By Crystal Siemers-Peterman
While traveling across the state of Wisconsin, many of us drive past a field of corn at 70 mph and don’t think twice. It’s more than just a field of corn. It goes beyond the feed fed to our livestock. It provides more than just fuel in our tanks. Wisconsin’s incredible corn industry is making an impact on our state and our economy.
Wisconsin ranks among the top 10 corn-growing states in the nation. Corn, or maize to the rest of the world, is such a versatile crop, as everything on a corn plant is usable. Corn plays a significant role in human history, as it was used as a food source for animals and humans. The development of the modern U.S. corn industry has allowed us to continue to use corn in various ways. Grain corn is in over 4,000 different products, from spark plugs to tennis shoes.
The way farmers measure corn is through bushels. A bushel of corn weighs 56 pounds. Remarkably, a single bushel is capable of producing 18 pounds of livestock feed, 2.8 gallons of ethanol fuel, 14 pounds of corn gluten pellets, 1.8 pounds of corn oil and 17 pounds of carbon dioxide (used in ice, the beverage industry and water treatment facilities).
In 2016, Wisconsin harvested 573.1 million bushels of corn for grain production on 3.22 million acres. If that’s not impressive enough, in 2016, Wisconsin set a record average corn-for-grain yield of 178 bushels per acre. The counties with the highest corn production in order are: Dane, Grant, Rock, Lafayette and Columbia.
Most of the corn you see in fields is grain corn. Grain corn is used to feed poultry, pigs and cows. Grain corn is also used for ethanol, corn oil, cornstarch and other non-food uses.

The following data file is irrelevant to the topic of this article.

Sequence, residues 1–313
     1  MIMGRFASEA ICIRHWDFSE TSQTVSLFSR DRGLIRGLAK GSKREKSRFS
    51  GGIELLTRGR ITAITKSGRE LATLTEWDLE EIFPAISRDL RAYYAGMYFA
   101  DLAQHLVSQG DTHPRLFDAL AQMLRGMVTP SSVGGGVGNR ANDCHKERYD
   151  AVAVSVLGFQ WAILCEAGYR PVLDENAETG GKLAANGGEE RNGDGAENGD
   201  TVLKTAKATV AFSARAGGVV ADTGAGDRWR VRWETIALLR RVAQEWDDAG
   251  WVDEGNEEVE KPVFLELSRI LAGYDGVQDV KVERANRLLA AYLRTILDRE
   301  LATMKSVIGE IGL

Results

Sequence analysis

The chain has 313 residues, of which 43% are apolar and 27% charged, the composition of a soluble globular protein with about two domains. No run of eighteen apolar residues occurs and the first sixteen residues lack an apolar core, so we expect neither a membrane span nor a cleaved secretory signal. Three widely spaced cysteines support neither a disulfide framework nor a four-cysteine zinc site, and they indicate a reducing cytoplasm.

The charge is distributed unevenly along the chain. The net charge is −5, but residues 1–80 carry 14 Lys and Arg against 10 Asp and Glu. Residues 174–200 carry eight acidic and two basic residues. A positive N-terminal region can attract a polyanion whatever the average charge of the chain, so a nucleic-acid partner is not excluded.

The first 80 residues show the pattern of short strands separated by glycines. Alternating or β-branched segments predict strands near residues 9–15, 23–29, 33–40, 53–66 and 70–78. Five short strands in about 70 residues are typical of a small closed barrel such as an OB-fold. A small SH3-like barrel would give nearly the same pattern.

Wisconsin’s nine ethanol plants produce more than 500 million gallons of ethanol a year, which makes Wisconsin the ninth-largest ethanol-producing state in the country. Thirty-seven percent of corn in Wisconsin is used in ethanol production. This industry generates $4.2 billion in economic activity, impacting more than 19,000 jobs.
Another product that corn can be turned into is corn silage. Corn silage is chopped and fed to cows. Corn silage is an important source of forage in Wisconsin. It is a consistent feed with high yields that provides high energy to livestock. Wisconsin even leads the nation in corn for silage. Fifty percent of the corn grown here is used for livestock feed.
Sweet corn is what you buy at the store or farmers market and can be canned, frozen or eaten fresh off the cob. Less than 1% of the U.S. corn crop is sweet corn for human consumption. Sweet corn is harvested when the kernels are soft and sweet, which makes it an incredibly tasty treat to enjoy at home or at a county fair. Other countries enjoy Wisconsin sweet corn, as our state leads the nation in the export of this summertime staple. In Wisconsin, 10% of corn is used for exports.
Annually, corn and corn product exports add $301.9 million to Wisconsin’s economy. Wisconsin corn is making a significant impact on our lives and for Wisconsin’s diverse agriculture industry.
Siemers-Peterman is the 70th Alice in Dairyland.